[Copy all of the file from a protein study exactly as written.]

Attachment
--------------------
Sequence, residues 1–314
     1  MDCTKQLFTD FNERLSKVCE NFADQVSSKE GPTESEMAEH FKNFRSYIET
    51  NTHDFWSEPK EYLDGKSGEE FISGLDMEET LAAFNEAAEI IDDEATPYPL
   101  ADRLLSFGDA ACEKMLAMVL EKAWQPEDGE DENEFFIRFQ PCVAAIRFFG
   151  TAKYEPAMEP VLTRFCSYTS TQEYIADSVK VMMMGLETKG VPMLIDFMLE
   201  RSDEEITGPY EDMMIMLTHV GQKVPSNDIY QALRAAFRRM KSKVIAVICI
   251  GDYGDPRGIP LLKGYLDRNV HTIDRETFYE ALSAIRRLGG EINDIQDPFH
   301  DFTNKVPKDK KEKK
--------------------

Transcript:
Sequence, residues 1–314
     1  MDCTKQLFTD FNERLSKVCE NFADQVSSKE GPTESEMAEH FKNFRSYIET
    51  NTHDFWSEPK EYLDGKSGEE FISGLDMEET LAAFNEAAEI IDDEATPYPL
   101  ADRLLSFGDA ACEKMLAMVL EKAWQPEDGE DENEFFIRFQ PCVAAIRFFG
   151  TAKYEPAMEP VLTRFCSYTS TQEYIADSVK VMMMGLETKG VPMLIDFMLE
   201  RSDEEITGPY EDMMIMLTHV GQKVPSNDIY QALRAAFRRM KSKVIAVICI
   251  GDYGDPRGIP LLKGYLDRNV HTIDRETFYE ALSAIRRLGG EINDIQDPFH
   301  DFTNKVPKDK KEKK